(Mar 20): There are ongoing investigations into other financial institutions and individuals suspected of being involved in the 1Malaysia Development Bhd (1MDB)-related offences, according to the Monetary Authority of Singapore (MAS).

In its inaugural Enforcement Report released on Wednesday, MAS said the 1MDB review is its most comprehensive anti-money laundering and countering the financing of terrorism to date.

See also: MAS reports $16.8 mil in fines imposed over past 18 months in very first enforcement report

In the report, 1MDB is one of the Featured Cases for money laundering-related control breaches by entities and individuals.

MAS said it worked closely with the Attorney-General's Chambers, Commercial Affairs Department as well as foreign regulatory and law enforcement agencies, to uncover a complex web of transactions involving numerous offshore shell companies and conspirators operating in multiple jurisdictions.

The central bank said it had taken decisive regulatory action by shutting down banks, imposing financial penalties against financial institutions which failed to meet the expected anti-money laundering standards and banned errant individuals from Singapore’s financial industry.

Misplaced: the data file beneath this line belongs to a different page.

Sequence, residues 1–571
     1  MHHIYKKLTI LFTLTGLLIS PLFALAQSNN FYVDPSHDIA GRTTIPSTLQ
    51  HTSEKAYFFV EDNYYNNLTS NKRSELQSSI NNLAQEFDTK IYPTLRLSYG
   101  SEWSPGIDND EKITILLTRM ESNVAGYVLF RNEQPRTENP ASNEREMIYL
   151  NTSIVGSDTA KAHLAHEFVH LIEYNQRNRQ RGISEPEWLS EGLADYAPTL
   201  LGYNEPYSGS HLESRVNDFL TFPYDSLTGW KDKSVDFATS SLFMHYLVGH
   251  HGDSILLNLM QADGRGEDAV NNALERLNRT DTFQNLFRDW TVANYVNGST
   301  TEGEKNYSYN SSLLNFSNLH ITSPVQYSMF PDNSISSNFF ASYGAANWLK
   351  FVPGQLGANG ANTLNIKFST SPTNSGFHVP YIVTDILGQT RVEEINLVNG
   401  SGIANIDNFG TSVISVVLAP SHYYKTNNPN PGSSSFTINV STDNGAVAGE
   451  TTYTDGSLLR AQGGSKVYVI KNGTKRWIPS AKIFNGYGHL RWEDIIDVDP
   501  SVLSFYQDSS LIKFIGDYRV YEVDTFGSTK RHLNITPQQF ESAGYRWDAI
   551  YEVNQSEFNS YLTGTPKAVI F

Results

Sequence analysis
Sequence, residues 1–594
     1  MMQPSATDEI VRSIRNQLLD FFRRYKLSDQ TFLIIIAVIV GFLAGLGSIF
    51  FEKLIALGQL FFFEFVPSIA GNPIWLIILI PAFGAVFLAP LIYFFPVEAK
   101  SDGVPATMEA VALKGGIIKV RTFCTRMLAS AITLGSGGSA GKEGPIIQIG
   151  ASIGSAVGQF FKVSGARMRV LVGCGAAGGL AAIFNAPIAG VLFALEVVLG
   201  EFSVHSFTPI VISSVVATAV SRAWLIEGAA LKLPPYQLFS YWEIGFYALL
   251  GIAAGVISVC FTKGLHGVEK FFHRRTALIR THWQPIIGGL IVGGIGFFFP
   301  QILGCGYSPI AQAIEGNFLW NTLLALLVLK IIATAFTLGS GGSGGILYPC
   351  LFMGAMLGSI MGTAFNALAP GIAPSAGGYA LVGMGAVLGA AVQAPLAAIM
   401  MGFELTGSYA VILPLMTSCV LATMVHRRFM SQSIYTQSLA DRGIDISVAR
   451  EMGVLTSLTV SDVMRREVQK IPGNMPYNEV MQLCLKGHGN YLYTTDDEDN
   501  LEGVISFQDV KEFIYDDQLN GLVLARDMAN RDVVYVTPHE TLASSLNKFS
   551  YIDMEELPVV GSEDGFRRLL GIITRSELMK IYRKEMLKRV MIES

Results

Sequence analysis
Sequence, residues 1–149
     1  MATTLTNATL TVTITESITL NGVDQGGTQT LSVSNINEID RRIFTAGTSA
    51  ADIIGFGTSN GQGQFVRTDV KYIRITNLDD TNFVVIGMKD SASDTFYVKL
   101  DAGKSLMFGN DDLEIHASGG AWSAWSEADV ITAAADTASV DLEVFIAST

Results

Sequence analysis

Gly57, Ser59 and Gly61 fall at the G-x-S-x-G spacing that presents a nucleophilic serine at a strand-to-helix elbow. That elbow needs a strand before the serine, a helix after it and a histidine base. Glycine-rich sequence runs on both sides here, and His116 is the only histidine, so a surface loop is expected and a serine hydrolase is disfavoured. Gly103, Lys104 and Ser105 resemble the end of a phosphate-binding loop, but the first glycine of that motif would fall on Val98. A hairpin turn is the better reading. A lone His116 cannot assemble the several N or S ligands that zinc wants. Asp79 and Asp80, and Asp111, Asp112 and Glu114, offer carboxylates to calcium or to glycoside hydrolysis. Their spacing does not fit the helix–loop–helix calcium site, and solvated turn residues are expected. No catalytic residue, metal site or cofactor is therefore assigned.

MAS has ordered BSI Bank and Falcon Private Bank, Singapore Branch, to shut down.

A total of $30 million in fines has also been imposed on eight financial institutions, namely BSI Bank, Falcon Private Bank, Singapore Branch, Standard Chartered Bank, Singapore Branch, Coutts & Co, Singapore Branch, UBS AG, Singapore Branch, DBS Bank, United Overseas Bank and Credit Suisse.

The central bank has also issued directives such as bank managements to investigate lapses, address control deficiencies and take appropriate disciplinary measures against bank staff involved.

It also issued Prohibition Orders (POs) against eight individuals ranging from three years to a lifetime.

The lifetime POs were issued to four persons, namely to Yeo Jiawei, a former BSI Singapore banker, Yak Yew Chee, a former managing director of Swiss bank BSI, Jens Fred Sturzenegger, a former branch manager of Falcon Private Bank Ltd, Singapore branch and Tim Leissner, a former Goldman Sachs director.

MAS’s Enforcement Report outlines its enforcement priorities and provides for greater accountability and transparency into the actions taken against breaches of its rules and regulations.

The report will be published every 18 months.

“As Singapore’s financial industry grows in size and complexity, so will the risks of financial misconduct,” said MAS’s Executive Director (Enforcement), Gillian Tan, in a statement accompanying the report.

She said enforcement played a critical role in financial supervision through the detection, investigation and punishment of serious misconduct.

“This is intended to deter illegal and unethical behaviour and protect consumers,” she added.

Tan said the Enforcement Report provided detailed insights into MAS’s enforcement work and priorities, and the public and financial sectors with a comprehensive picture of ongoing efforts to preserve the integrity of Singapore’s financial markets.